Aye, I wasn't sure whether the music itself was explicitly about white power and all that or it just attracted a disproportionate number of those kinds of fans. I've just been reading about neofolk, which I've been getting quite into lately. Apparently there is a strong association in Germany between that genre of music in general and the far right. Something to do with the connection between Nazism and paganism/the occult. The neofolk and black metal scenes in Germany have ties with fascism, it seems.
I guess some bands in those genres draw in more people with those ideas than others, I've never noticed as many of those comments on Faun vids....according to the thing I've just been reading half of Darkwood's audience "look like they've just wandered in from a Nuremburg rally." But, likewise I wouldn't condemn anyone for listening to them either. I quite like their music myself.
Even Faun attracts a disproportionate number of those kinds of fans. Their song with the most views on YouTube is Federkleid, and some of the most liked comments are:
- "Keep European music and traditions alive! we need it!",
- "Europeans save your CULTURE!",
- "Europe has such beautiful culture... too bad that we are distroying it because some say that preserving it is a treat to globalism"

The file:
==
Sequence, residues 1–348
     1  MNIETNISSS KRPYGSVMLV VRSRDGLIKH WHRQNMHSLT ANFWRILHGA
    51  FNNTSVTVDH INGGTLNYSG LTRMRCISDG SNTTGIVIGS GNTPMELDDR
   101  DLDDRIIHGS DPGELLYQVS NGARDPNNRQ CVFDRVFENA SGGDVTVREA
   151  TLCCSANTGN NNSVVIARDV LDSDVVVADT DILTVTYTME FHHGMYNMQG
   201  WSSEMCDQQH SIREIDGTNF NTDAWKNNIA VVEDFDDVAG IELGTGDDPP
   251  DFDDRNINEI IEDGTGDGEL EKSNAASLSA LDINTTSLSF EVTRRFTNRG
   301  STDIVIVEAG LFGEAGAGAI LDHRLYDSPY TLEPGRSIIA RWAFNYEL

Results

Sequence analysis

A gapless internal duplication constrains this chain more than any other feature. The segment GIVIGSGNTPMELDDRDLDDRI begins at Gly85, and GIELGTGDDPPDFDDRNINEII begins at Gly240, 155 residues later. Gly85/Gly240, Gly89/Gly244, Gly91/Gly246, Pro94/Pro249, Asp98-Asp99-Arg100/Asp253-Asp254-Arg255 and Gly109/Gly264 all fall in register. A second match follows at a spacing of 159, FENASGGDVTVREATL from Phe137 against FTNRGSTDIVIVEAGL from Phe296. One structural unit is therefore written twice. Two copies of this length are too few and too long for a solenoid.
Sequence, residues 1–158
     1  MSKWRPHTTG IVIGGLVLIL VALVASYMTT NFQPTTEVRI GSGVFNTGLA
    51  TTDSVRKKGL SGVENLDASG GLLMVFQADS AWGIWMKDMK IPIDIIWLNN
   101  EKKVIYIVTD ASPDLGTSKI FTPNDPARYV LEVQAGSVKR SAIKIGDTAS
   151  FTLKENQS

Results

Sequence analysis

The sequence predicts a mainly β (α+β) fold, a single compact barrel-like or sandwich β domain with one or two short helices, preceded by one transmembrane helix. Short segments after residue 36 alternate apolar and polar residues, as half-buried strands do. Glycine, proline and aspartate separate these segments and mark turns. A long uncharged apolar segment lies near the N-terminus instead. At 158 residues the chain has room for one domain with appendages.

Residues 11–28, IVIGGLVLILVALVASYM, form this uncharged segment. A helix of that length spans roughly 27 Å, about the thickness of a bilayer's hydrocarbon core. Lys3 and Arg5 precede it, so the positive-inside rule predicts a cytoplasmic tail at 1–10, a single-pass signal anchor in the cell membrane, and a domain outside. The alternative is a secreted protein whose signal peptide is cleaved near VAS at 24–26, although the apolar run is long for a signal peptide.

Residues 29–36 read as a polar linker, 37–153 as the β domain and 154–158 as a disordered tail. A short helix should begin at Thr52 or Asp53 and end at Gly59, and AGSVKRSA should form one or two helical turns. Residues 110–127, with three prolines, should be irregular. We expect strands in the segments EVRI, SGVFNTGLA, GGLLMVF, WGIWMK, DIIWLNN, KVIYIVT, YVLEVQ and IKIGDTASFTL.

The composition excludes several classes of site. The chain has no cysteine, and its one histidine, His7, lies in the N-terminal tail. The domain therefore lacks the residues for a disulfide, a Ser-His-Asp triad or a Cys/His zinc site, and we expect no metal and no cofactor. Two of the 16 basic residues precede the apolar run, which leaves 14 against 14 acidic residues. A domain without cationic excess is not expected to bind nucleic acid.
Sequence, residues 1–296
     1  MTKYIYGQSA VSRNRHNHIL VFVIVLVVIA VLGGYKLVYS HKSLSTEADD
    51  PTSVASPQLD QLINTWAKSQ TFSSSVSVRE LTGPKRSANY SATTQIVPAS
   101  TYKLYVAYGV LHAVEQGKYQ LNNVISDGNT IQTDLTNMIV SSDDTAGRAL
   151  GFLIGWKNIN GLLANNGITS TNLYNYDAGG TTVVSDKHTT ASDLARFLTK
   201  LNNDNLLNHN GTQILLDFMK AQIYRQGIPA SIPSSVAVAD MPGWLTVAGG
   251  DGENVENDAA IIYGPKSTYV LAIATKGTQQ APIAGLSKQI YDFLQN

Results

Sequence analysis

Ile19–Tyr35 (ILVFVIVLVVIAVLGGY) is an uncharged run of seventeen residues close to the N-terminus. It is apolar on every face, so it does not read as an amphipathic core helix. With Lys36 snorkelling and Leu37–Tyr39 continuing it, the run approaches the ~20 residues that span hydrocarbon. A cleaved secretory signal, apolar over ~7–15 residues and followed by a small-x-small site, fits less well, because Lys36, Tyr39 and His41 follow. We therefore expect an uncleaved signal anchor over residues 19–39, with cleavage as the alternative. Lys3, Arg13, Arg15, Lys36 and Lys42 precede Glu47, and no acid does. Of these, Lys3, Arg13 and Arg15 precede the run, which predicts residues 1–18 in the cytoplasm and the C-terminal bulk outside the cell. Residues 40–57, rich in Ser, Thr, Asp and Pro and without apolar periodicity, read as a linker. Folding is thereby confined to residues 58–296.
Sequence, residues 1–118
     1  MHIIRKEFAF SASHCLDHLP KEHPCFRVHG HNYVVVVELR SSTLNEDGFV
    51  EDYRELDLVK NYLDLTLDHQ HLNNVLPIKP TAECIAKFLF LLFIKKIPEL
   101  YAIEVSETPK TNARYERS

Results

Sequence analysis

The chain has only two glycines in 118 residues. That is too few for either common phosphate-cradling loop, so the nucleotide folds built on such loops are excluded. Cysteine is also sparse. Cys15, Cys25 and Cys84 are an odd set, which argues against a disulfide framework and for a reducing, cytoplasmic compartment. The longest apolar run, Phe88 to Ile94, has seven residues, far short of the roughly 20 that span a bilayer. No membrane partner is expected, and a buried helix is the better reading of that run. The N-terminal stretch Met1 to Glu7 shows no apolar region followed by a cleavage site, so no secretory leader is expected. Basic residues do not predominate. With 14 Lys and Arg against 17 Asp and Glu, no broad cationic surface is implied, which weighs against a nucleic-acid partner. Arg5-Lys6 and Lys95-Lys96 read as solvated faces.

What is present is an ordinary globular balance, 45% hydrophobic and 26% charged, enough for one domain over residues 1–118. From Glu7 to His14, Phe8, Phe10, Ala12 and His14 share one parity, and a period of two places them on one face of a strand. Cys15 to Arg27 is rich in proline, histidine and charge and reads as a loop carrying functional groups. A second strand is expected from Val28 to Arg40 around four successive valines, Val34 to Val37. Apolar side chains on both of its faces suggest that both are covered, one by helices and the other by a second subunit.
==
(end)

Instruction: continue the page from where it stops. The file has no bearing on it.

- German pride
- The more migrants submerge Europe the more Europeans sing barbarian songs.
- Too bad the ethnocultural composition of White countries does not look like this anymore.
- Love this music. As a brazilian, I'm wondering why europeans with their liberal ideas are trying to kill their own culture, both pagan and christian. It's so sad.
- 198 jews dislikes it
I won't get political here by giving a personal statement to those comments, but neofolk is almost by definition nationalistic in the sense that it reflects the traditional culture, spirit and folklore of a nation, so it will naturally appeal to the far-right or neo-Nazis (of course, that doesn't necessarily mean the artists themselves are such). The far-left on the other hand doesn't believe in nations in the first place (extreme example: https://www.youtube.com/watch?v=ID4lstARK0w), so it shouldn't come as a surprise that Antifa-types are scarce if present at all in the comment sections of songs of that genre.
You do realize Deutschland muss sterben means Germany must die, right? That wasn't exactly a recommendation but if it opened German punk rock to you, that's great. Some other well-known punk bands I'd suggest are Die Toten Hosen and Die Ärzte.
Thanks for the lingots!
What I'm doing, which is helping me.
First learn your ABC's it will make things easier to pronounce. You can search up abc song in German for kids. (Please do not click on ones that are an hour long. It will make your brain explode. a minute to five minutes are plenty.)
Do days of the week
Learn gender specific nouns (You can respond to me if you want the full list. It becomes pretty easy once you memorize the list.)
Do duo lingo EVERY DAY.
I also keep a book with everything I learn in German in there. I use different colors for the spelling and pronunciation for memorization.
Watch German news everyday like The Daily Show. Watch something that you know by heart in German in subtitles.